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Understanding & Supporting a Loved One's Recovery

Understanding & Supporting a Loved One's Recovery


Nearly 20 million individuals and their families are affected by addiction or substance use disorders every year. It can happen to anyone, any family, anywhere. Caring about, living with, or loving a person with an addictive disease can be challenging. Learning about addiction, treatment, and recovery can help you relate to and support your loved ones on their path to recovery. 

When supporting a loved one in recovery, it's important to understand:

  • Addiction is a disease of the brain, not a moral weakness.
  • There are multiple pathways to sustained recovery. None of these pathways is wrong. 
  • Recovery is personal. It is a life-long process of learning, growing and fulfilling one’s goals for their future. 
  • The use of medications to help one manage the disease of addiction is not a crutch nor a means of replacing one substance for another. Medications improve both survival and retention in treatment as well as lessen the likelihood of recurring incidents of use.
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Video: What Families Need to Know to support a loved one living with addiction


    Your Role

    The support of peers and social networks can help keep individuals engaged in treatment, and committed to their recovery. Support comes in many forms. Ask your loved one how you can be the most supportive to them and take their lead.

    With the agreement of the individual in treatment/recovery, you can:

    • Help developing their treatment or recovery plan. This plan details small personal goals specific to the individual related to physical and mental health, employment, family and interpersonal relationships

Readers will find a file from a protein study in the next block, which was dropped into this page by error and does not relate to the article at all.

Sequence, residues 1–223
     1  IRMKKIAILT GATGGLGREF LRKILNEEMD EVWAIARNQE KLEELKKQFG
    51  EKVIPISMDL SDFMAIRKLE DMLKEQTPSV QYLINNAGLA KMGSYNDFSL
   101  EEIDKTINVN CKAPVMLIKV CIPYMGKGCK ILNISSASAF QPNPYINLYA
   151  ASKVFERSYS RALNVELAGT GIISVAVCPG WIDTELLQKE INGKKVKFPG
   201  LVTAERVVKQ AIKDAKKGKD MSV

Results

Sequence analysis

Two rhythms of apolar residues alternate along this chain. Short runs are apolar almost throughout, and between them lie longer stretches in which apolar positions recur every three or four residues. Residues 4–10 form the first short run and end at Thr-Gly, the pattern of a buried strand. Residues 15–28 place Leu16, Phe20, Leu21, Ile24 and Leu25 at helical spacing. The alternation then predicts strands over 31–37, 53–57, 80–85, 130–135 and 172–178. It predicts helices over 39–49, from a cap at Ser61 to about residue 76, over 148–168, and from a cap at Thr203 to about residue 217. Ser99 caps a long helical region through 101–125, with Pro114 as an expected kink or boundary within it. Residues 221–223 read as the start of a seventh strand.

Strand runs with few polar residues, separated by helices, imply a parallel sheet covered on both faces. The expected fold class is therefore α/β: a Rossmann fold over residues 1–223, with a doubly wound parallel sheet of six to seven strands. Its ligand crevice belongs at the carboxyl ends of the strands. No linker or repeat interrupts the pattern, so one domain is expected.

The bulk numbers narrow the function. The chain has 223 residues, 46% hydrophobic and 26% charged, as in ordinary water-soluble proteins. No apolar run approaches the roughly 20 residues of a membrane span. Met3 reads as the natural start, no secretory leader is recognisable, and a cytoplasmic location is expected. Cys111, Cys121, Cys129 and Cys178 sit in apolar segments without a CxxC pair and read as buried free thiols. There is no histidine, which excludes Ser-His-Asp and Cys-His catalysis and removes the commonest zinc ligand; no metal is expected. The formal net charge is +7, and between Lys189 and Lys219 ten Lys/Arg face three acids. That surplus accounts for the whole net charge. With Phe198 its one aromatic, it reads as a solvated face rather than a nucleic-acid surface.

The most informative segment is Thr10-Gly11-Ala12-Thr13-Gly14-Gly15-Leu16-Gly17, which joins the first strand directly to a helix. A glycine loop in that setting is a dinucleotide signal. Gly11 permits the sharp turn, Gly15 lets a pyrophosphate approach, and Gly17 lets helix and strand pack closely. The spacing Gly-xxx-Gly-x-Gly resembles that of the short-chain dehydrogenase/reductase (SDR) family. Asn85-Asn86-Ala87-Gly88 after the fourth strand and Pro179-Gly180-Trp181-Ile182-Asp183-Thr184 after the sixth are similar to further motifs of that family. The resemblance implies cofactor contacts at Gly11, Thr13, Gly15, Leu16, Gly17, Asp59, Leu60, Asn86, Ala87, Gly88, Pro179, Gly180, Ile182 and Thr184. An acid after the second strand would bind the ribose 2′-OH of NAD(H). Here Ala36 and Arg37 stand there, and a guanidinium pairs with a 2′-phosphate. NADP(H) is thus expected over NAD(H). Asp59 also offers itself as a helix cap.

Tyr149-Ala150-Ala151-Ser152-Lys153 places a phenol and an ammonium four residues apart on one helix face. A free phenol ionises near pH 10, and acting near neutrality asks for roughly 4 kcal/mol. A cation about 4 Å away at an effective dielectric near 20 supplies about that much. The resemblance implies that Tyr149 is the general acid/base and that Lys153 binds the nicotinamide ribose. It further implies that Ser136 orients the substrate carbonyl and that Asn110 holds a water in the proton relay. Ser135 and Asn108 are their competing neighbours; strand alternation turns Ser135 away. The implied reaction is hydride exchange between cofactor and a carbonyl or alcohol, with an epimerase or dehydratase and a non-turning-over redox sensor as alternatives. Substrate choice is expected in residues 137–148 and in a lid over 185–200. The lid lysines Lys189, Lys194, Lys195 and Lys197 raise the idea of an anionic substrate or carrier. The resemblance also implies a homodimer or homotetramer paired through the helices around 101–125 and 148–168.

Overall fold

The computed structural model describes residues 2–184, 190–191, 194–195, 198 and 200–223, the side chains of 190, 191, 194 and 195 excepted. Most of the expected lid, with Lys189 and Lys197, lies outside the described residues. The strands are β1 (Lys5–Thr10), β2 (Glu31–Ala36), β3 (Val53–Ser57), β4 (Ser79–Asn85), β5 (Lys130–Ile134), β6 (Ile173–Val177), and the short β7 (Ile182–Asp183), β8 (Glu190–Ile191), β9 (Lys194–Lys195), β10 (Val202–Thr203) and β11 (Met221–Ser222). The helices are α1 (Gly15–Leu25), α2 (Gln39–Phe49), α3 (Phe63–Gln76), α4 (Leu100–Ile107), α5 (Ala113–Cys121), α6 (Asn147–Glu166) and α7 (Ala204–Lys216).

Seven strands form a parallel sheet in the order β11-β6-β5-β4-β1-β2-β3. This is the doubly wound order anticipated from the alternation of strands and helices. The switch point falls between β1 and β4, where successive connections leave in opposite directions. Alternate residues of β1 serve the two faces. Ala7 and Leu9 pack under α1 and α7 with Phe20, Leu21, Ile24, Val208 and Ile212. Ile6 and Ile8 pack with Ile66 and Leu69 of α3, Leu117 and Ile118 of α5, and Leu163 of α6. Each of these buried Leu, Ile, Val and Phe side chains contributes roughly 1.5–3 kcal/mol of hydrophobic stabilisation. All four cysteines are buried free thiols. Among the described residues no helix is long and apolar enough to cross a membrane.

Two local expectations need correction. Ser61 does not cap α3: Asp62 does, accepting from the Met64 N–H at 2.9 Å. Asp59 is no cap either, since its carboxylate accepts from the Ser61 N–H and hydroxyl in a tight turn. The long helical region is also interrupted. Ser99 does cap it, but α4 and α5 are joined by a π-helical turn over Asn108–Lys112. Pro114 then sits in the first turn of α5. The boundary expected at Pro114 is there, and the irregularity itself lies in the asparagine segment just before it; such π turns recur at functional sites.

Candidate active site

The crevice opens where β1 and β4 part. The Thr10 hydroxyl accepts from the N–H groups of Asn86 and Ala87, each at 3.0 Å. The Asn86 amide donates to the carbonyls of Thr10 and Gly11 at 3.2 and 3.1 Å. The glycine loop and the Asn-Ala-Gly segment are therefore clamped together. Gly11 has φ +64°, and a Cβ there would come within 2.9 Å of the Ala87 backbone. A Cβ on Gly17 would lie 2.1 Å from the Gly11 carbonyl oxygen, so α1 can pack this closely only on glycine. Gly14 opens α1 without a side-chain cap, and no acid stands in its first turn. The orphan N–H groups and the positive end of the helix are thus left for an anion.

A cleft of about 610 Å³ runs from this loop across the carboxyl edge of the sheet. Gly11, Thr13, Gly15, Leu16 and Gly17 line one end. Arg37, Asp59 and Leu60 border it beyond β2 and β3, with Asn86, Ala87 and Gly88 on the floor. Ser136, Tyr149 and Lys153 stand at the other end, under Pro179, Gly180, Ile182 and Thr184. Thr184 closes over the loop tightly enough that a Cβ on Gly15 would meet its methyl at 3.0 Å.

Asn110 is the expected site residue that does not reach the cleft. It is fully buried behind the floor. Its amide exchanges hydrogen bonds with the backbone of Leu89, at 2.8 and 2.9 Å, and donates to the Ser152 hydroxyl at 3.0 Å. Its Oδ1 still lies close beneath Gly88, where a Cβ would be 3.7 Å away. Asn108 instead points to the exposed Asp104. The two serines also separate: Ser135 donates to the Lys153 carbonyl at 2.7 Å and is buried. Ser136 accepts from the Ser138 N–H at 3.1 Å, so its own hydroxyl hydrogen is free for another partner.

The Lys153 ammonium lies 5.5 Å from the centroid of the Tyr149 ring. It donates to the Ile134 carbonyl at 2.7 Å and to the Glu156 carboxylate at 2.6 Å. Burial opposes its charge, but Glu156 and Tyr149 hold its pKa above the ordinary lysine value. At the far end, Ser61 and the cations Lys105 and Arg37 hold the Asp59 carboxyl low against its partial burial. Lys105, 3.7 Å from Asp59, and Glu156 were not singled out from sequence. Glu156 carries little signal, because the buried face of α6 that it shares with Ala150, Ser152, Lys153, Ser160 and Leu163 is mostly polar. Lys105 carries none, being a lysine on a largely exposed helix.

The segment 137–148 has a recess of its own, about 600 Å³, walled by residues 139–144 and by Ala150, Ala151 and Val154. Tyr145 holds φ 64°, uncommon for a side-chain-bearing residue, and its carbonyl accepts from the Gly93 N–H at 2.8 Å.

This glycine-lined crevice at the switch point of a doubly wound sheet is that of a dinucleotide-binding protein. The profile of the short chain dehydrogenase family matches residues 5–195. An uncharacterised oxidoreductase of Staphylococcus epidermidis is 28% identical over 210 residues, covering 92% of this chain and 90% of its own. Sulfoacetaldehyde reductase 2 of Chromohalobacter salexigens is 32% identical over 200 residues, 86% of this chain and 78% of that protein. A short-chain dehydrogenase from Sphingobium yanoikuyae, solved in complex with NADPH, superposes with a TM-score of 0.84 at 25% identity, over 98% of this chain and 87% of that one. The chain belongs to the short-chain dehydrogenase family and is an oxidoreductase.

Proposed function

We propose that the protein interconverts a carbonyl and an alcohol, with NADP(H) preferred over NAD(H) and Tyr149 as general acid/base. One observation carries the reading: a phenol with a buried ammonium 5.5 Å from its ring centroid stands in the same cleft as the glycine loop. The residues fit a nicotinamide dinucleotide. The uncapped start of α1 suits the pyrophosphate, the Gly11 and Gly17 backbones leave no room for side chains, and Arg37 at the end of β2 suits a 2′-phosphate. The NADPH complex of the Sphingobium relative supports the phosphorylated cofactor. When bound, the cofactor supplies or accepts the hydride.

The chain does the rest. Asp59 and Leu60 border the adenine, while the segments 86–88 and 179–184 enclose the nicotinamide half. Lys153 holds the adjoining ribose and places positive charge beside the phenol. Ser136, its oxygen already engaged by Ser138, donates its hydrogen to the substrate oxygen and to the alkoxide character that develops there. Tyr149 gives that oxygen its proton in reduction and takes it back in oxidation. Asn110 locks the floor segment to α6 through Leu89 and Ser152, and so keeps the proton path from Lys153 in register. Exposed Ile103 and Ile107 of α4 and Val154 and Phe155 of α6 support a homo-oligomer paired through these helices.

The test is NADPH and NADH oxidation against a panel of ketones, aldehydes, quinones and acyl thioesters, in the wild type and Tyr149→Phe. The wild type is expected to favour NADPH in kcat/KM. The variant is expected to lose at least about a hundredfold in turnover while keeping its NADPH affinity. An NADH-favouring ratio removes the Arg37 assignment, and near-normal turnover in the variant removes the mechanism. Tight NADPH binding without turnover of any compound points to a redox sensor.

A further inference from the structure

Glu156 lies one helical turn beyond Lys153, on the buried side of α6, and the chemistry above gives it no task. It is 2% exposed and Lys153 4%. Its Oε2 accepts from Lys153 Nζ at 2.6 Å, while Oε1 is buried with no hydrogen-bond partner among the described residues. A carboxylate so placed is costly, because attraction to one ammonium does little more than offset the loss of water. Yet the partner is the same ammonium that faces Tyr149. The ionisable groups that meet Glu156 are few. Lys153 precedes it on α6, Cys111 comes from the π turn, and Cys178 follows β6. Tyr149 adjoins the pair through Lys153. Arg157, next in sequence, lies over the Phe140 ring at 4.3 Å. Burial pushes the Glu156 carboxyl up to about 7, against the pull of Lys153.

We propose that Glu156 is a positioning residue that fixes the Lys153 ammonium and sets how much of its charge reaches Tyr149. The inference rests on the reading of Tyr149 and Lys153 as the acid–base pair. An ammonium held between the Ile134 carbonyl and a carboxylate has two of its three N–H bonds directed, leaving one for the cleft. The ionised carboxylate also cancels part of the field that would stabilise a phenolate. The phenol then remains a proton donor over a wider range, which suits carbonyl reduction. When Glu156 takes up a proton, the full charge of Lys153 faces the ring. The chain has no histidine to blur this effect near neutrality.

• Attend mutual support meetings with your loved one or on your own to connect with others who have experienced addiction second-hand.
    • Seek out OASAS treatment services and recovery supports.


    Kinship Care

    Being on a recovery journey sometimes means spending time away from home. Kinship care is when family members or close friends take primary care of children whose parents are unable to care for them due to residential treatment, incarceration, overdose or death. Kinship ensures children remain safe and connected to family and community.

    We designed the Kinship Care toolkit to support children and their adult caregivers, but the tools can be used by anyone looking to initiate difficult conversations surrounding loss, separation or abandonment. You'll also find:

    • Information about grief
    • Spotting "red-flag" behavior in youth and young adults
    • Having age-appropriate discussions
    • Interactive exercises for children to express their feelings, promote positive thinking and self-image.


    Family Support Services

    Experiencing addiction second-hand can have lasting effects. Regardless of where a person may be in their recovery, the lives of those closest to them can become painful, complicated and overwhelming. Many OASAS-certified treatment programs and OASAS-run Addiction Treatment Centers offer treatment services for family members that have been impacted by substance use disorders. You can ask a treatment provider if they offer treatment to family members.

    OASAS treatment programs may also employ a Family Support Navigator. Navigators are trained staff that help individuals and their families understand addiction and navigate the addiction services system.

    Treatment for family and loved ones is often covered by insurance.
    If you experience insurance issues accessing services call the OASAS CHAMP line (888-614-5400) or email: [email protected].

    Recovery Communities

    OASAS partner Friends of Recovery New York (FOR-NY) leads and organizes a network of local organizations called Recovery Community Organizations across New York State. These local organizations offer a wide array of opportunities to get involved and help develop community resources that address addiction and support recovery.


    Find a Recovery community Organization

    Self Help and Support Groups

    Many find it helpful to join a self-help or support group for friends, families, and loved ones of individuals struggling with an addiction or in recovery. These mutual assistance groups are typically free and based on shared personal experiences rather than professional, fee-based services, like counselors or therapists.

    Some notable mutual assistance groups are:

    Alcohol and/or Narcotics